But a police blackout on news of the investigation into the sabotage led other newspapers to print speculative stories on who was responsible.

I felt I’d really missed out on something. Now the book reads more like a history text. But once the story was in the hands of the media, there was no telling where it would go.

But, of course, he wag know. He references an old joke that the worst thing a Mossad officer can say to another Mossad officer is “I hope I read about you in the papers. Then the one next to me asked where I was from. Had the book been half as long, I would have given it 4 stars, probably. Accompanying them was what looked like an Aer Lingus commercial carrier the Irish lease their planes to Arab countries, so it wouldn’t seem out of placebut in truth was an Israeli Boeing refueling aircraft.

At this point in the operation, all they had was a name and an address. You know that intersection outside has kstrovsky a few accidents. Whatever was not detected then was buried forever deceptino Mount of Olives in Jerusalem, the resting place ostrovzky the nation’s most revered heroes. They said they’d pick me up later, signaling me by flashing their headlights.

Whenever I took this book with me in public, people seemed to feel the need to stop me and tell me their thoughts on the Mossad.

When all the information was exhausted, we were to write “no more information” on the report, meaning it was complete for the time being. By Way of Deception by Victor Ostrovsky is a fascinating book about the author’s years in the Mossad, the Israeli intelligence service. Without a word said, four of the men entered the van and headed for the city. Jun 14, Evren rated it really liked it.


Mossad: From Zion to Gehenna : BY WAY OF DECEPTION The Making and Unmaking of a Mossad Officer<i> By Victor Ostrovskyand Claire Hoy (St. Martins: $22.95 371 pp.) </i>

At 1 o’clock on a September morning, a group of lawyers for Israel emerged from the home of Manhattan Supreme Court Justice Michael J. Dontzin. As they stepped out onto Fifth Avenue, they had reason to celebrate. For the first time in U.S. history, a judge had banned a book at the request of a foreign government. Only a week before, Israel had also succeeded in getting the book banned throughout Canada.

But the victory would be short-lived. On Sept. 13, less than 48 hours after the sleepy New York judge issued his injunction, an appeals court threw it out. “By Way of Deception” thus has become an instant best seller, making its co-author, former Israeli intelligence officer Victor Ostrovsky, at once very rich and very nervous. Earlier, he said, he had been visited by two Mossad officials who offered him both money and then threats to get him to stop publication of the book. A short time later, Ostrovsky went into hiding.

William J. Casey, the late CIA director, had a favorite quote from Frederick the Great: “It is pardonable to be defeated, but never to be surprised.” A few weeks ago, the highly secret Israeli intelligence organization known as the Mossad was both defeated and surprised. Surprised that one of its former members was about to publish a book detailing the inner workings of the reclusive spy agency defeated when they attempted to have the book banned in the United States.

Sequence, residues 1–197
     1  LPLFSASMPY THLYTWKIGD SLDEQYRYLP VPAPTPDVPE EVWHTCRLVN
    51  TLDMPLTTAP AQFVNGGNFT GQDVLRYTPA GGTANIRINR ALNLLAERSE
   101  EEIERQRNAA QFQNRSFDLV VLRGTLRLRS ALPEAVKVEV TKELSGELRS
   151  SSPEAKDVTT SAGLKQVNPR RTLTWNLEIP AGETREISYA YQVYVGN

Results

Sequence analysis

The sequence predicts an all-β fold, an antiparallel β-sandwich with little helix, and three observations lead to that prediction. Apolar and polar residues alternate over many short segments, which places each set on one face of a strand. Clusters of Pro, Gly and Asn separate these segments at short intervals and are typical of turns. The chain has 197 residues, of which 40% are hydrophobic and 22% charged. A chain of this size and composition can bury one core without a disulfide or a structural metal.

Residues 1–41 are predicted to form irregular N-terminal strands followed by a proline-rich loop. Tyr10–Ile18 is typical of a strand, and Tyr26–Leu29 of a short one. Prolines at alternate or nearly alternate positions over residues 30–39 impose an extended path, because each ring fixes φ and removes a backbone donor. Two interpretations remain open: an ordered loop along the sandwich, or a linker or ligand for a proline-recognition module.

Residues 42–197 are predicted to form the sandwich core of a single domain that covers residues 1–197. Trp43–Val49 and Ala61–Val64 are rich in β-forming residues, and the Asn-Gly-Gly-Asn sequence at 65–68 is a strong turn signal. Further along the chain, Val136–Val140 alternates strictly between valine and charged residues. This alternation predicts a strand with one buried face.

Co-authored by Canadian writer Claire Hoy, “By Way of Deception” details Ostrovsky’s brief three-year career in what often has been called the best intelligence service in the world. Born in Edmonton, Alberta, to Jewish parents, Ostrovsky bounced back and forth between Canada and Israel, serving in both the Israeli Army and Navy before being selected for service in the Mossad in January, 1983, and eventually becoming a katsa , or case officer.

In his book, Ostrovsky travels a long and painful road from ardent Zionist, believing that “the state of Israel was incapable of misconduct,” to what he calls “the present-day nightmare.” Along the way he found the Mossad to be an organization of “twisted ideals and self-centered pragmatism,” combining “greed, lust, and total lack of respect for human life.”

Unfortunately, Ostrovsky offers little to back up his harsh charges, thus leaving the reader wondering whether his book is an act of revenge, possibly for being fired: He was dismissed following an unsuccessful attempt by Mossad to capture a planeload of high-ranking PLO officials. The capture was successful but the plane contained no one of diplomatic importance. Ostrovsky claims he was used as the scapegoat for the failure.

Nevertheless, while Mossad’s secrecy has made it next to impossible to confirm Ostrovsky’s specific claims--e.g., that the agency runs a clandestine espionage team (known as Al) in the U.S.--many of his allegations appear to fit a long pattern of similar activity by the agency.

Also lending weight to this book’s credibility is the fact that Israel has gone to such unprecedented lengths to prevent its publication. One attorney representing Israel inadvertently gave additional support when he said Ostrovsky “prefers his credibility to the lives of others.”

Some have argued that Ostrovsky was both too junior and too new to learn all that he is reporting, but the author claims that he was able to access Mossad computer files containing information on past operations. The attorney representing Israel in a way confirmed this when he admitted that even as a low-level employee, Ostrovsky could have had “access” to important secrets.

The first half of “By Way of Deception” takes the reader through Ostrovsky’s recruitment and training, serving as a veritable manual of Mossad craft: how to establish a cover, evade surveillance, plant a bug and all the other tricks of the trade.